Meek’s Cutoff (2010)

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Set in 1845, this drama follows a group of settlers as they embark on a punishing journey along the Oregon Trail. When their guide leads them astray, the expedition is forced to contend with the unforgiving conditions of the high plain desert. (Letterboxd)
Appropriately slow–this survival western pulls no punches, and by punches I mean achingly long scenes of walking across barren landscapes, because there’s a lot of them. And they’re loaded with feeling: short in-between scenes lay out the stakes and ratchet up the unease and distrust, and then the journey (captured with poignant music and visuals–see that breathtaking long cross fade early on) continues, and in the film’s boldest stroke of all, it doesn’t end, just like it never began.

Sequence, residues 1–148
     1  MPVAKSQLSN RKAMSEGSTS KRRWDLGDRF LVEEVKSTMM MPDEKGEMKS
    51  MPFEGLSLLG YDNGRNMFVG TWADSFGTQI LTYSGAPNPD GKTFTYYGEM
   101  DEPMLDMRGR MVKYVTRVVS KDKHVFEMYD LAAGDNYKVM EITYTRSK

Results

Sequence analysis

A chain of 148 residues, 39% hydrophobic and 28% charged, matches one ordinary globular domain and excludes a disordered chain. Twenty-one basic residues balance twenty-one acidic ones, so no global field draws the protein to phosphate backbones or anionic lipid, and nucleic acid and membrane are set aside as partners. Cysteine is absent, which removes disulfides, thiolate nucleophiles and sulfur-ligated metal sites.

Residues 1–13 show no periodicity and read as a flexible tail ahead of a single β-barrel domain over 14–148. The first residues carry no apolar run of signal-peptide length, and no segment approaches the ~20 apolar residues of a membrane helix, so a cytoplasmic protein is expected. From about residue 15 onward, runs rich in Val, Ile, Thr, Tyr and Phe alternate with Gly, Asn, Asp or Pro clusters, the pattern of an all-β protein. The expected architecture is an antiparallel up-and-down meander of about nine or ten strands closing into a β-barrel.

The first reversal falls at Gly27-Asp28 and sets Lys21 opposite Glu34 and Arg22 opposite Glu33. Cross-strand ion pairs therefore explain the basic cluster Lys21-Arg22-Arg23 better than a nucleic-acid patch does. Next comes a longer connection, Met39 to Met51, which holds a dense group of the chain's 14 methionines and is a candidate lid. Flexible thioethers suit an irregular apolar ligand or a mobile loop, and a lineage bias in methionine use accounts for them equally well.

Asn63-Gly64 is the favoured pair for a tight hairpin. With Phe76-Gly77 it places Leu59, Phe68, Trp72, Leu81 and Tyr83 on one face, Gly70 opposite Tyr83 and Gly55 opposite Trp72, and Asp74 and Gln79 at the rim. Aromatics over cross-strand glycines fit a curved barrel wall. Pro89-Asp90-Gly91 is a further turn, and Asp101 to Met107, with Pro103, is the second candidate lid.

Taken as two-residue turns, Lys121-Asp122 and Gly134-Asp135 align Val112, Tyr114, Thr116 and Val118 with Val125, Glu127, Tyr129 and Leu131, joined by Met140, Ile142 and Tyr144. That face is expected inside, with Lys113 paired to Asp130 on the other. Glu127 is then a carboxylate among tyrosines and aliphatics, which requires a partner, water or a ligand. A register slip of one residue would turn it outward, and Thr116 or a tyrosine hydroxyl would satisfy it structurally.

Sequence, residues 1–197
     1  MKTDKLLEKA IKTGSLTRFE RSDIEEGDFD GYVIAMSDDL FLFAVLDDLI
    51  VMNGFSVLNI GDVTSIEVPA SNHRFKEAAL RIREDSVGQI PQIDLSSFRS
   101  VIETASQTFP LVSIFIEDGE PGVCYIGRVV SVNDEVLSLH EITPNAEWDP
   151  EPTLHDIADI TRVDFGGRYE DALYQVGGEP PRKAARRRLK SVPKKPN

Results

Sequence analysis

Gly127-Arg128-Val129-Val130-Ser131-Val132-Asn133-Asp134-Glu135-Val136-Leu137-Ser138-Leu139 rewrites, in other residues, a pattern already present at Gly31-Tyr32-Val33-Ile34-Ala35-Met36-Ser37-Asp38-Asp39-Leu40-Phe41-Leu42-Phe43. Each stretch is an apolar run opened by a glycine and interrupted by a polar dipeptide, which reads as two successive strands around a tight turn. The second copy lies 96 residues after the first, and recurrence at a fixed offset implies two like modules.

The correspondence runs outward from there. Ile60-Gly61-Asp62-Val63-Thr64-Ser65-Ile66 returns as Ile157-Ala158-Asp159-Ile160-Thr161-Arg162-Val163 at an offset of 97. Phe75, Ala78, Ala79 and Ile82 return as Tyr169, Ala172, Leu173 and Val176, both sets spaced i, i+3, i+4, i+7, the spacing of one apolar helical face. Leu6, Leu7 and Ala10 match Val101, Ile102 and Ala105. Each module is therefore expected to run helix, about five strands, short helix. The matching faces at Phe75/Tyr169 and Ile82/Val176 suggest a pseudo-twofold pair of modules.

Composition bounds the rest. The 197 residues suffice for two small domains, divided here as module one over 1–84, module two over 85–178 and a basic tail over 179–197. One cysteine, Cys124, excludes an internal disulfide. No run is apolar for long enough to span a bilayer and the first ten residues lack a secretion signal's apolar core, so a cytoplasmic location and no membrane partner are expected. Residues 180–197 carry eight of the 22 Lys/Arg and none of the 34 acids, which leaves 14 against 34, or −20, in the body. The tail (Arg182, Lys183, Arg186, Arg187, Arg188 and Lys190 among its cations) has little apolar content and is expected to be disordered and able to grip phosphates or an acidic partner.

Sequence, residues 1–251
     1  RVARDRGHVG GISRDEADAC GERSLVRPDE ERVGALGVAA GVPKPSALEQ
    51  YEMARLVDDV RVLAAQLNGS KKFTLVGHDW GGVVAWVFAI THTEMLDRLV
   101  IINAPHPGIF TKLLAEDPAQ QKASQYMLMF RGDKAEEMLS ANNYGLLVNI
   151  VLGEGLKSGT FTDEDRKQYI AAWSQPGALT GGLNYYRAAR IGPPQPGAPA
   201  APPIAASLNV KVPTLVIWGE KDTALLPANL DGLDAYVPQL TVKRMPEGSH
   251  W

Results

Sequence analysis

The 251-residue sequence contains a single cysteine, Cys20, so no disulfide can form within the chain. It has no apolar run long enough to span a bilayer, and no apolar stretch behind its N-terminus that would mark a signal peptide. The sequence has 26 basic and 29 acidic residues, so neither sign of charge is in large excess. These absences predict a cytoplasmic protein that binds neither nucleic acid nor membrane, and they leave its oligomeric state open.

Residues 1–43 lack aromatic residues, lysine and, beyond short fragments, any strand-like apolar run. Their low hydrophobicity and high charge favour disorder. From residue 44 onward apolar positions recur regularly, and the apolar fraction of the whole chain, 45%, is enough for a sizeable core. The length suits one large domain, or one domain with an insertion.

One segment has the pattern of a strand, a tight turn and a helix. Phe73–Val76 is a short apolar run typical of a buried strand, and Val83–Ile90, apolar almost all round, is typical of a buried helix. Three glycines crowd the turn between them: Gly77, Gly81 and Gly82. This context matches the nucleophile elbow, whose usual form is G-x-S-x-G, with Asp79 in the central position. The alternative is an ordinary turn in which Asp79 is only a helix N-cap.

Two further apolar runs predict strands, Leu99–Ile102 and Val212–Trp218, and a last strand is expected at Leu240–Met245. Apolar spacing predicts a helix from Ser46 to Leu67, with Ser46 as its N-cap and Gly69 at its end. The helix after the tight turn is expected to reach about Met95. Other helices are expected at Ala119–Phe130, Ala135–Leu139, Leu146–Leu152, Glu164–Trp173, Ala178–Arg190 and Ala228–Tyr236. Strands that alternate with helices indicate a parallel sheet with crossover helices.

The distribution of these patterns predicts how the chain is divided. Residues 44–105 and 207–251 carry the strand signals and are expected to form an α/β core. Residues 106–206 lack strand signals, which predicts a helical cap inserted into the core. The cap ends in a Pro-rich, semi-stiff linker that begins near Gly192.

8/10 (Great)

Minari (2020)

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A Korean family starts a farm in 1980s Arkansas. (IMDb)
Never digs that deep into its themes or characters but from the first touches of its gorgeous score and cinematography, it’s clear that its soil is rich with life. Comedy and drama (see David and Grandma’s volatile relationship), spirit and mind and body (see the various farming tasks), giving and taking (see the offering plate), hope and despair (see the city visit), destruction and reconciliation (see the fire)–it all intermingles in the poignantly simple story about a family building a home.
8.5/10 (Amazing)